'Nothing ruins a great website… like people using it.'

This remark was made by writer Ian Lurie in his recent article featured on the site, Getting Started With Defensive Web Design--- a piece in which Lurie explores how the shortcomings of a website's usability can pose problems that can't be saved by even the most captivating visual design or creative content. If the user runs into a problem that can't be easily solved, it's likely that they'll simply abandon the site, never to return again as a result of their frustration. The aim of any website is to expand its audience, but it's just as important to maintain that which already exists, and defensive design focuses on just that.

So what exactly is 'defensive design'? It's a contingency plan for when design fails--- and this fail may very well be a mistake made by the user, so it's important to create a web design that is both proactive and reactive to errors. So now the question is how to design defensively.

Web design should first and foremost be proactive to potential road blocks that will leave the user banging his or her head against the wall or worse, completely uninterested in further interaction with the site. Here are some ways to avoid making someone's hate list and to instead make him or her feel like a valued visitor:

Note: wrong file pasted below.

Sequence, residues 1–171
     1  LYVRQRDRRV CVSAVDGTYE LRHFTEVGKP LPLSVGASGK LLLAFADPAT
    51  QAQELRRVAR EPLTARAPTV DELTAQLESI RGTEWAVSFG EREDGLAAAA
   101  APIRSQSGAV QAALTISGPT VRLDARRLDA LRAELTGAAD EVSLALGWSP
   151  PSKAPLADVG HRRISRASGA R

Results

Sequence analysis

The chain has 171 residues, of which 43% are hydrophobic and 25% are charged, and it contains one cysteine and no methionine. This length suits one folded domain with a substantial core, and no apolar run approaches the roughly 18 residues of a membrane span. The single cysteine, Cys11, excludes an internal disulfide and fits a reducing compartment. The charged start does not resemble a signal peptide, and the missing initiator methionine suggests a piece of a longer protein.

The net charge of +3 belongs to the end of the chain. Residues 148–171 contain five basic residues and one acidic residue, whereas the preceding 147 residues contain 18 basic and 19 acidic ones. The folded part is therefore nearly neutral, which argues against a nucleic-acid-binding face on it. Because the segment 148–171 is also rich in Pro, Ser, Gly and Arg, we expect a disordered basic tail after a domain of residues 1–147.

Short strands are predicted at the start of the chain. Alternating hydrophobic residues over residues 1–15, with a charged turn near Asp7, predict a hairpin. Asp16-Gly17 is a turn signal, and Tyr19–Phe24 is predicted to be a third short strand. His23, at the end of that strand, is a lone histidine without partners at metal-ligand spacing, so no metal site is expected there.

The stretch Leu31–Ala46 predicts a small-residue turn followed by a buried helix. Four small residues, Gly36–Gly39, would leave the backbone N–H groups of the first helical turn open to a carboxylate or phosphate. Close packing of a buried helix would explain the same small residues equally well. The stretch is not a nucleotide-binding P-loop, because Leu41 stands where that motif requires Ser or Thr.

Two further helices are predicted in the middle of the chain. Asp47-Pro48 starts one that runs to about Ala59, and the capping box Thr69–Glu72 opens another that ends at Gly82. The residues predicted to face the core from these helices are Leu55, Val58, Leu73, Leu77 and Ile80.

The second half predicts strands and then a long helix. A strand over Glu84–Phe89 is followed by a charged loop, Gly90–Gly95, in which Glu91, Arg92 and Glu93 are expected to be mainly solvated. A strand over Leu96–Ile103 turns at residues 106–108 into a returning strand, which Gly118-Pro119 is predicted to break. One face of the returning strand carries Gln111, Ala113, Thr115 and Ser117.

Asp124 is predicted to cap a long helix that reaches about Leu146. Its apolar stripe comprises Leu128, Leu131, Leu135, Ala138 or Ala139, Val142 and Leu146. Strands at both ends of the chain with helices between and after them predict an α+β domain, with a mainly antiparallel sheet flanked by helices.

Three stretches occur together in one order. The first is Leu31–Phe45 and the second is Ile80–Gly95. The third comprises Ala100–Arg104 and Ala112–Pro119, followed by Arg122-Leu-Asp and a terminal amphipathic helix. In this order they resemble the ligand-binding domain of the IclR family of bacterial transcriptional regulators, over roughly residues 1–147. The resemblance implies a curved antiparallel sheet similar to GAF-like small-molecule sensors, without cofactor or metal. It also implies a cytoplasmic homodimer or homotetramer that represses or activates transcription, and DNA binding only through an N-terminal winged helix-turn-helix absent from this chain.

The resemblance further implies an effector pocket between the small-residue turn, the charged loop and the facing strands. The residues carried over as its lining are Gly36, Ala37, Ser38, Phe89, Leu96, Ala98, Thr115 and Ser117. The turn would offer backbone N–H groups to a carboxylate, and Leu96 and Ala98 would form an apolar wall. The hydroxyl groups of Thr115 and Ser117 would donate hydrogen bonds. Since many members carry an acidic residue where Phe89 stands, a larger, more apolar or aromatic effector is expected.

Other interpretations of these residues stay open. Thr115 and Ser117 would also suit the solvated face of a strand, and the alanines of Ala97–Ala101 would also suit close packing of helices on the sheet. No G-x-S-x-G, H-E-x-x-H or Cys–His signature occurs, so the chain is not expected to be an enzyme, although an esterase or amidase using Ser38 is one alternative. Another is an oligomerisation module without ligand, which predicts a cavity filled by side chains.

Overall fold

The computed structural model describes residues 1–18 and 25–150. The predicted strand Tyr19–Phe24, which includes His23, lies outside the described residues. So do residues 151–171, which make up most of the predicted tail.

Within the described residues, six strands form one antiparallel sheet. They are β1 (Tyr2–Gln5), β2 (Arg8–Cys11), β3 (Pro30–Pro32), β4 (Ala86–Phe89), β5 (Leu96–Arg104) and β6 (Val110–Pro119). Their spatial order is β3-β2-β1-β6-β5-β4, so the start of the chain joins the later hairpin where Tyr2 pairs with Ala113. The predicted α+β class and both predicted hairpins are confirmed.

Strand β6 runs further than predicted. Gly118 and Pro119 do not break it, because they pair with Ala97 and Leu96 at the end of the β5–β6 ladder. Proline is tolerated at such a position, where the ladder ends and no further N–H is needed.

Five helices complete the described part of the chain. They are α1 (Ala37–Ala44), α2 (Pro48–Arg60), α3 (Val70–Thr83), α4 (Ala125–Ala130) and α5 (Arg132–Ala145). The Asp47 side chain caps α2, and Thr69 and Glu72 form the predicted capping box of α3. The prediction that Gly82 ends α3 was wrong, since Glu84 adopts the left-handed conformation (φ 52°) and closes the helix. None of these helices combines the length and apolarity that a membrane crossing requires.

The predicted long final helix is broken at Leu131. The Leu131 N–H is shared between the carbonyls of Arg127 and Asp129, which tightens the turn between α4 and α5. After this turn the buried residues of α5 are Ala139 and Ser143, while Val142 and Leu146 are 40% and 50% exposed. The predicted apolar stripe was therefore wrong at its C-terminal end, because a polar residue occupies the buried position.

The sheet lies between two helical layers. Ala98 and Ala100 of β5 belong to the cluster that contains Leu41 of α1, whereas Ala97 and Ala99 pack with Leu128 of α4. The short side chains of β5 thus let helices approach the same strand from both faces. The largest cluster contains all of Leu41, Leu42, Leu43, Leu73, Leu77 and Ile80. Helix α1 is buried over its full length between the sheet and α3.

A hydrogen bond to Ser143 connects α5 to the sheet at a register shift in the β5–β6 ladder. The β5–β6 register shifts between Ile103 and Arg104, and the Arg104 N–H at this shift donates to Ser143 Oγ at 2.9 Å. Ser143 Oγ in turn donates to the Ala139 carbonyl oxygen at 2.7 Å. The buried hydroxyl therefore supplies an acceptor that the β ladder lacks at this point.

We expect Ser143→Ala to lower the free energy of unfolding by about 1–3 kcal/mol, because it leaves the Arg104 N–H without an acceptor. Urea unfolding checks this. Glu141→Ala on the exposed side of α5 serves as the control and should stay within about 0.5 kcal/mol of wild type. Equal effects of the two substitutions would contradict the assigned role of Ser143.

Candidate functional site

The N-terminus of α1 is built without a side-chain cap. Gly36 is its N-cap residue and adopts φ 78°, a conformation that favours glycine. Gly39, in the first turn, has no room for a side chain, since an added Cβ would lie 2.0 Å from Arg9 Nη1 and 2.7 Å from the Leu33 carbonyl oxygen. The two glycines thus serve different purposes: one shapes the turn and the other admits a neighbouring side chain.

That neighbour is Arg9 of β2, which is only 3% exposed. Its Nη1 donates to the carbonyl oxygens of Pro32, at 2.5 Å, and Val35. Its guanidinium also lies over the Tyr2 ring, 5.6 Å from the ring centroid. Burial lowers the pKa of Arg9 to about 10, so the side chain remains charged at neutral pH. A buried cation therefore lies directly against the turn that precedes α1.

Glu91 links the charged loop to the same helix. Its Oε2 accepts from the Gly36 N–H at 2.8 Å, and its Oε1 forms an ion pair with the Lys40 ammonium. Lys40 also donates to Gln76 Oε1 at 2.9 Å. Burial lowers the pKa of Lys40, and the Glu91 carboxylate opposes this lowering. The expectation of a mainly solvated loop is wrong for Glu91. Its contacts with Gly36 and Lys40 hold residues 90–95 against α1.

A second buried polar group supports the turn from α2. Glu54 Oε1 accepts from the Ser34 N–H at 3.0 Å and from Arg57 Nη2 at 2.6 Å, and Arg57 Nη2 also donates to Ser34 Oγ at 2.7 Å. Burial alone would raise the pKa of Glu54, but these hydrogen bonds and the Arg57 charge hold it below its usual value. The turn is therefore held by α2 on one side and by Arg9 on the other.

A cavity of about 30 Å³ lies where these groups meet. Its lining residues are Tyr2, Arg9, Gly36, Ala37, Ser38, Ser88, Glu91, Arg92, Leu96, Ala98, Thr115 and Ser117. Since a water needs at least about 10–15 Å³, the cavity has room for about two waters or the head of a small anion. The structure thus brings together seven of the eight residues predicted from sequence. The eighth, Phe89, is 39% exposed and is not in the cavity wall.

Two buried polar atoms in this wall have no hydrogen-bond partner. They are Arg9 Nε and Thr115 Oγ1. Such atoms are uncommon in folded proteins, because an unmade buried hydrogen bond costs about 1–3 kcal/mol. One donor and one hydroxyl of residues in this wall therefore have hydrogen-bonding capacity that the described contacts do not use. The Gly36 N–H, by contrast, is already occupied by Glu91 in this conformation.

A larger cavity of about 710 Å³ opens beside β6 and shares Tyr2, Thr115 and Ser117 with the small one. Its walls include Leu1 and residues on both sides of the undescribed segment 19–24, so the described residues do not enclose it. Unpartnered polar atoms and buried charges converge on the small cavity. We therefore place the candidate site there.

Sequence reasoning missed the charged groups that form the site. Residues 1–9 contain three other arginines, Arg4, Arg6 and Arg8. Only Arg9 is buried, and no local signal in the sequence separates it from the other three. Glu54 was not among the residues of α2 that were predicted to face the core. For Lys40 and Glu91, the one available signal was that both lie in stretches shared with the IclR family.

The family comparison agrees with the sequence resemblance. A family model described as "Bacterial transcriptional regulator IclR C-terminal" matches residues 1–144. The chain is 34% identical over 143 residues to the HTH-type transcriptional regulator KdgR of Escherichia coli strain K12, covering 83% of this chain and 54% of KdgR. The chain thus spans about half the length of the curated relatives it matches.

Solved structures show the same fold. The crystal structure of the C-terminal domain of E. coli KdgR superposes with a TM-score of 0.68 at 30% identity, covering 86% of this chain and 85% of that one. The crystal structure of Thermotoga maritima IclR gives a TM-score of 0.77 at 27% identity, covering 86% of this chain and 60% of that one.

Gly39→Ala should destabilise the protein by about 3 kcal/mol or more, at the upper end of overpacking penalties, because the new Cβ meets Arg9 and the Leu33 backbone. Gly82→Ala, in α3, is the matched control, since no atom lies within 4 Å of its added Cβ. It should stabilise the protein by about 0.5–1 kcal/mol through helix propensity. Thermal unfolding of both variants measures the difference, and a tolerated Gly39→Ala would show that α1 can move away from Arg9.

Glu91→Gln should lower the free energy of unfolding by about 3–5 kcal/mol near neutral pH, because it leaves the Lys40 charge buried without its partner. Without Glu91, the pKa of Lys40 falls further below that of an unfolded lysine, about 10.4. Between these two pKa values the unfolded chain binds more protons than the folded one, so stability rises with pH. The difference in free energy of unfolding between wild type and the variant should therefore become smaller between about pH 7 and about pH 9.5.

1. Never assume that the user will 'just know' their way around your site and how to use it. Create contextual help that appears on the current page or roll over inline help boxes that help guide users in the right direction and create confidence in their navigation of your site.

2. Create a website that is still functional even in the event that your images fail to upload due to slow speed or poor connections. You'll never know exactly what you're dealing with, so be positive that under no situation will your site be unusable.

3. Consider providing an on-site search option, and remember that to err is human--- features like closest-match for misspellings and auto-completion for the absentminded are great ways to ensure that search and navigation of your site are seamless.

4. Forms are the proven enemy of many users. Highlighting errors makes any mistakes clear and easy to correct. Courteous error messages prevent the user from feeling scolded or belittled, and preservation of data that has been previously entered by the user facilitates the otherwise laborious process of filling out forms.

5. Page errors are expected to occur. Finding creative and kind ways to display the 'page not found' screen never hurts, and helping the lost and confused user find his way back or to his intended destination make for a better user experience. Use analytics to determine if a reoccurring page error is fault of your own.

6. Limited landing pages or ambiguous copy can stir up trouble as well. Be sure to avoid making these kinds of mistakes in designing your site, and again, as Ian Lurie warns, do not assume that the user will just 'figure it out.'

Taking these points in consideration will minimize potential errors and will almost certainly increase traffic to your site, consisting of both new and returning users. A better web experience equals a better brand experience, and that is ultimately the goal of any website. Don't let a weak defense make your website work against you.

As the saying goes, 'a good defense is the best offense.'

Written by: Savannah Harper, LB Wordsmith

Photo courtesy of Wild Women Entrepeneurs